In its most recent statement (Link in German), the National Hydrogen Council (NHC) made an appeal for the establishment of an advanced energy union. In so doing, the German government’s 26-strong advisory body is calling on German and European policymakers to coordinate an overall concept at the EU level. The objective is that European industry assume a trailblazing role in technologies for producing and using hydrogen.
The Council declared that this requires subsidy tools that can be used more swiftly along with a much-simplified subsidy framework with low hurdles for companies that qualify to receive financial assistance. The advisory body further believes that German industry will not stand a chance in the face of global competition without a more ambitious hydrogen strategy and that this does not only hold true for the hydrogen business.
The NHC substantiates the dire urgency by referring to the war in Ukraine and its consequences for the European energy system. The Council sees European companies suffering an additional disadvantage in the world’s competitive arena as a result of the Inflation Reduction Act (IRA) introduced by the US administration, which affects various branches of industry, while bolstering the US energy sector in particular.
With a volume of 269 billion US dollars, the IRA is considered to be the biggest subsidy programme for renewable energy in US history. It is supplemented by 110 billion dollars from the Infrastructure Investment and Jobs Act (IIJA).
A large portion of the funds has been earmarked for the Clean Hydrogen Strategy through which the government is promoting the establishment of a national hydrogen industry. According to the NHC experts, this will immediately make green and blue hydrogen in the US more economical than the grey variant.
The USA has been promoting the hydrogen sector with two types of tax relief. Businesses can deduct up to 30 percent of their investment in the development of projects for producing clean hydrogen from their tax liabilities or receive a tax credit of up to three dollars per kilogramme of hydrogen they produce.
The level of reimbursement depends on the emission reduction compared to fossil hydrogen obtained from natural gas, which must amount to at least 60 percent.
Thanks to this dual-pronged subsidisation, which businesses can receive with relatively little red tape, it is impossible to produce climate-friendly hydrogen more profitably anywhere else in the world. The NHC experts further claim that effective costs are at a level that would otherwise have been projected for 2050. They add that, by providing this support, the US government is ensuring “a high degree of investment certainty along the entire hydrogen value chain.”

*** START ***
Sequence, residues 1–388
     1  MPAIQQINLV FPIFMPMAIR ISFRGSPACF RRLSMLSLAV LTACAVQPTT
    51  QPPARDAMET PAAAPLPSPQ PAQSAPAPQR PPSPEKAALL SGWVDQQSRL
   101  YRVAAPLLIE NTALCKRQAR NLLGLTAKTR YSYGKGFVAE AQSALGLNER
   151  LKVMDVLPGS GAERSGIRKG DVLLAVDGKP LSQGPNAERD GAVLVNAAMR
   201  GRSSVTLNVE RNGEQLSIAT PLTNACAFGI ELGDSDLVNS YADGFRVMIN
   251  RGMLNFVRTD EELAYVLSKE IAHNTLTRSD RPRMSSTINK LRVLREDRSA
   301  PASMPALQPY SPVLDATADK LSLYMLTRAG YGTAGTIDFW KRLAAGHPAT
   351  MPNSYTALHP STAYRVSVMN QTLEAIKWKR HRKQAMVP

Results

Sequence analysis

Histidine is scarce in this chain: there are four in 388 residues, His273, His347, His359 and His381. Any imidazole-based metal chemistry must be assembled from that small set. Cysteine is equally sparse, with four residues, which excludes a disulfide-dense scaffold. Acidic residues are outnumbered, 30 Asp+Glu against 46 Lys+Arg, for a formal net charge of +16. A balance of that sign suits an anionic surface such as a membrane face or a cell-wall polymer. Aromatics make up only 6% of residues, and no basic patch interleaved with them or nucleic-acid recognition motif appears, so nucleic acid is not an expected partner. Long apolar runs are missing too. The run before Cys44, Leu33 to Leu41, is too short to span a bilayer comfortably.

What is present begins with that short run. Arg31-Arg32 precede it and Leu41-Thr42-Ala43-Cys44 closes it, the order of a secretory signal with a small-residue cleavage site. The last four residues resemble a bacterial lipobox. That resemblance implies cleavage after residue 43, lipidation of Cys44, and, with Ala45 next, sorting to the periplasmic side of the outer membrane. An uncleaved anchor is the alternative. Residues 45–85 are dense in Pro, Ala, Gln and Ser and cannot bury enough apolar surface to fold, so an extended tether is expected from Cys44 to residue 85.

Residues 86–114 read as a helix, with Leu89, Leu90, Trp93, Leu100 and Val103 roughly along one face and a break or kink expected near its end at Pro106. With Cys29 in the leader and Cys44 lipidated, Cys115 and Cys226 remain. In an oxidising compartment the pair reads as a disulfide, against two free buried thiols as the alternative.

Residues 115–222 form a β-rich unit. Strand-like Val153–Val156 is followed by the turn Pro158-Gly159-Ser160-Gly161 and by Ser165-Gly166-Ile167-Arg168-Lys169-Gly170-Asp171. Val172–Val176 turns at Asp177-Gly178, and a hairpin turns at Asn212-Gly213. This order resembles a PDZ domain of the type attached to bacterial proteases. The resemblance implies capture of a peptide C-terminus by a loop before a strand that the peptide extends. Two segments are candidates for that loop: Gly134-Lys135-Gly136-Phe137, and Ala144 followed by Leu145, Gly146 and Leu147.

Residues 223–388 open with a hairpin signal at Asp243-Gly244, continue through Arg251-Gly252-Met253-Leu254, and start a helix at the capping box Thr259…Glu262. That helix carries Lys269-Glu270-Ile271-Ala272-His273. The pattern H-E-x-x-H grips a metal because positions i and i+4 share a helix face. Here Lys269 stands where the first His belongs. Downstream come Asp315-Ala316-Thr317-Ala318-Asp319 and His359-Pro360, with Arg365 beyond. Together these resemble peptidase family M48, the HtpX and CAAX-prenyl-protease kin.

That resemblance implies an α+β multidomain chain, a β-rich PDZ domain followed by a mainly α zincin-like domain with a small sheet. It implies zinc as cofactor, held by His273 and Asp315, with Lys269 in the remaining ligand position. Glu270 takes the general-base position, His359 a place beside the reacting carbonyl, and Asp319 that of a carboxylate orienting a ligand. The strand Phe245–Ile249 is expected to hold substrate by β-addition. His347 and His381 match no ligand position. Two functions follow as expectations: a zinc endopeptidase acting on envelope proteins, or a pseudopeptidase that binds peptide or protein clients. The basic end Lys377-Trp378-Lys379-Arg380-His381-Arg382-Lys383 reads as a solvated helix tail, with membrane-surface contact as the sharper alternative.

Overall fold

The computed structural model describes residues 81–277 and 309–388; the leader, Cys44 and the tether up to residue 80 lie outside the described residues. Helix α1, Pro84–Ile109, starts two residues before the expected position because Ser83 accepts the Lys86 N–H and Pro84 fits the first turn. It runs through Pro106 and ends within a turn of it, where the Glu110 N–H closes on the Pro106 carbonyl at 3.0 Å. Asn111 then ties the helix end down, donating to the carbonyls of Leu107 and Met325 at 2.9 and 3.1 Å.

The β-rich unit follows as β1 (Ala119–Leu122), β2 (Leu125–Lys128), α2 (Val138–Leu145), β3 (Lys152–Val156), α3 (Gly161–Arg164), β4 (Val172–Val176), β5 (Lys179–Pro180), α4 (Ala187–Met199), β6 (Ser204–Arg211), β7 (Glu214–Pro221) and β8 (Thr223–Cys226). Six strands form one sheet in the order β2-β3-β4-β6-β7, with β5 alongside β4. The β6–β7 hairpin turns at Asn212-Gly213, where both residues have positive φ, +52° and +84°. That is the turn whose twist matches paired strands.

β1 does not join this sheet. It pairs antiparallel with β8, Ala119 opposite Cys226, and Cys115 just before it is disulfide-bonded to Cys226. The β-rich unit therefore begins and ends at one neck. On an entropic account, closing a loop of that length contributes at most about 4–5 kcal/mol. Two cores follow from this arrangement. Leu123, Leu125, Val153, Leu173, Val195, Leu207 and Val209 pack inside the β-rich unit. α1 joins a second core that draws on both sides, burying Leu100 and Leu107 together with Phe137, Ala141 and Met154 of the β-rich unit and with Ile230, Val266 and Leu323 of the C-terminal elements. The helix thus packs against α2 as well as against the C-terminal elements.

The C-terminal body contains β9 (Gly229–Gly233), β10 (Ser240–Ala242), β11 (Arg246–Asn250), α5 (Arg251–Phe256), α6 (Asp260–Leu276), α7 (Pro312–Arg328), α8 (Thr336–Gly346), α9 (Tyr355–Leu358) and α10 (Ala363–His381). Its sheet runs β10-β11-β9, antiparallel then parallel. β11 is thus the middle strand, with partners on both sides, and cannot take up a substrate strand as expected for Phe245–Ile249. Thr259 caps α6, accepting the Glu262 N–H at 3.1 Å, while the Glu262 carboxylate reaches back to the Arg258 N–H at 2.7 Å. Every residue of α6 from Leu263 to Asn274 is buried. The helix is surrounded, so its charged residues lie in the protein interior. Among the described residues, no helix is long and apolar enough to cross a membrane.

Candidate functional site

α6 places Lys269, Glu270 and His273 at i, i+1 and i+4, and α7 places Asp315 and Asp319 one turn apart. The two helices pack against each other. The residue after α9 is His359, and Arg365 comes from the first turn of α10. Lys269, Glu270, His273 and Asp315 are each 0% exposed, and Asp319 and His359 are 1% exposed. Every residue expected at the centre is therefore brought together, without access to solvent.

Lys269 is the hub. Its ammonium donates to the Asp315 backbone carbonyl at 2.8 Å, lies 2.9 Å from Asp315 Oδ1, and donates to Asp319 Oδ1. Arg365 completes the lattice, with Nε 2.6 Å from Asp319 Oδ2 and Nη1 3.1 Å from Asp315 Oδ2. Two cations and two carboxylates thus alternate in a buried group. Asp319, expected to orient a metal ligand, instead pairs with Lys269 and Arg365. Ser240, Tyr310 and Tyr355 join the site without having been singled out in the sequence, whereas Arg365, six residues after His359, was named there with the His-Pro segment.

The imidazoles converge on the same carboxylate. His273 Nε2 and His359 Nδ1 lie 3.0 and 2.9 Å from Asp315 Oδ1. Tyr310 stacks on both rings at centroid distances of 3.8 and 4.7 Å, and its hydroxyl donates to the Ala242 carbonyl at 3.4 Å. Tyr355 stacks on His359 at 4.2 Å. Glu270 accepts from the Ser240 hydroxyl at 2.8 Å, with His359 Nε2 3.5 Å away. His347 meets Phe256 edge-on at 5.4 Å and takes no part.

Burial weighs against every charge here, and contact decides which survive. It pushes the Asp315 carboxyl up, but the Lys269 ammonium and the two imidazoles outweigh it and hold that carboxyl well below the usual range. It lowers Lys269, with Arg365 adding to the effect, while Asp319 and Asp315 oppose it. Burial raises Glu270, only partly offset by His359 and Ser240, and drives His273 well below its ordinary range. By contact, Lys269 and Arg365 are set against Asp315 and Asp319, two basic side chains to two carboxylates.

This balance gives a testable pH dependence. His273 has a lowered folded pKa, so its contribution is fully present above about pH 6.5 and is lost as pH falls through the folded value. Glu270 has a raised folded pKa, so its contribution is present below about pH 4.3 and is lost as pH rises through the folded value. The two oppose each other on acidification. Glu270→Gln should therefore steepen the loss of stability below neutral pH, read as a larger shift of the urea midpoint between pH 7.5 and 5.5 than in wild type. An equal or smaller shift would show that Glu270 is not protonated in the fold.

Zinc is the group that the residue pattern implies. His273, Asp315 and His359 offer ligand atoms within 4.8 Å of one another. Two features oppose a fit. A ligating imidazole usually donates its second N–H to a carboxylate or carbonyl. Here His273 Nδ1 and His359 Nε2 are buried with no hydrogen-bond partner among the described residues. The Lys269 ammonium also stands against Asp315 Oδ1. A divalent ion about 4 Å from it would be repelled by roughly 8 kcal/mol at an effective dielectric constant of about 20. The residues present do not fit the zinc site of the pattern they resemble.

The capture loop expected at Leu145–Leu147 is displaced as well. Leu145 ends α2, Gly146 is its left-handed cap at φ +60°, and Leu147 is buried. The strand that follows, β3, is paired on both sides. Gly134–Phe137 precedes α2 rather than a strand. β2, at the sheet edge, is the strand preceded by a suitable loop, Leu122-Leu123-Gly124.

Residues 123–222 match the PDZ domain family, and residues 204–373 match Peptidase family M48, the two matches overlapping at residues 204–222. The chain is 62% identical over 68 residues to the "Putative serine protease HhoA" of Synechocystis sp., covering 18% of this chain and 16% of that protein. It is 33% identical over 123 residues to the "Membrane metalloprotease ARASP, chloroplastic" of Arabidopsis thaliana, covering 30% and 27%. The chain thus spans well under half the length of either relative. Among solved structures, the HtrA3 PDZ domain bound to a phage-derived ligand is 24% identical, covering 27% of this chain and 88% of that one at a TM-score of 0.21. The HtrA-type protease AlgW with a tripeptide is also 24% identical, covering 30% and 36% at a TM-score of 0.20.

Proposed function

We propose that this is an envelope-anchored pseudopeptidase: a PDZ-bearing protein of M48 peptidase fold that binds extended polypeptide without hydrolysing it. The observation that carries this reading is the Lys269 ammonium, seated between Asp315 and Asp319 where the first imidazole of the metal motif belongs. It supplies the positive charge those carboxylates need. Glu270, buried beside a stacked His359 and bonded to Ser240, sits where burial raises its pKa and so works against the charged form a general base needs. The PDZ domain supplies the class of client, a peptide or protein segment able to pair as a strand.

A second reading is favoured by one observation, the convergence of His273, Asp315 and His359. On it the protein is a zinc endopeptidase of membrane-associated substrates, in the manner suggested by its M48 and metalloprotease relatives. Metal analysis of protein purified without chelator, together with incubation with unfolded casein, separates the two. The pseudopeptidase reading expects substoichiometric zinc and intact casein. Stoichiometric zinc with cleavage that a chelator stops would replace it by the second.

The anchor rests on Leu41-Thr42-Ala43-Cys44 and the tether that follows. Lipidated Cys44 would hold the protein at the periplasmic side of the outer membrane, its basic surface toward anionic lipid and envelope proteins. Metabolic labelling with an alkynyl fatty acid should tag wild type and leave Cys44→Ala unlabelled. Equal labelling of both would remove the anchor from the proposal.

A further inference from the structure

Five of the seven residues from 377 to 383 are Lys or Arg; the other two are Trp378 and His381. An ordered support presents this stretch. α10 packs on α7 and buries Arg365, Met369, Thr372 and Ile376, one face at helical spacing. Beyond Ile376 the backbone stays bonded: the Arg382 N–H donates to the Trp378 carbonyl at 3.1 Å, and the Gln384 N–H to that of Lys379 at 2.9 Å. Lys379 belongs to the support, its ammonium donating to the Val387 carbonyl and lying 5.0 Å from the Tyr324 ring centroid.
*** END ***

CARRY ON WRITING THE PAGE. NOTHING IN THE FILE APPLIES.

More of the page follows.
The expert committee has identified a series of systemic advantages over the German and European subsidy framework, which so far has consisted above all of carbon dioxide pricing by the European Emission Trading System (EU ETS) and financial support for individual projects.
Supply-side tax relief combined with the requirement to ensure that a substantial part of value added must be allocable to the USA provides incentives to build a national hydrogen economy covering production, transport and application across all sectors. Unlike project subsidies, the US subsidy concept is entirely technology-independent, as subsidy levels are determined solely by climate effectiveness. By contrast, European certification processes are “subject to massive uncertainty.”
Europe will fall behind in vying for technology leadership, especially in view of the supply bottlenecks experienced by commodities, materials, components and the production capacity of required factories. “It is safe to assume that the foreseeable bottlenecks in value and supply chains especially in relation to electrolysers will make it nearly impossible to ramp up production in both regions at the same time.”
In other words, the experts proclaim that if European politicians fail to take action soon, Europe may not be able to create a hydrogen industry until the US has built its own hydrogen economy: “In turn, this would have serious consequences for the competitiveness, employment figures and transformation of industry and the economy as a whole as well as in terms of hitting climate targets.”
The National Hydrogen Council is thus of the opinion that building a hydrogen economy is by no means an end in itself, but rather the foundation of a sustainable, competitive economy in general.
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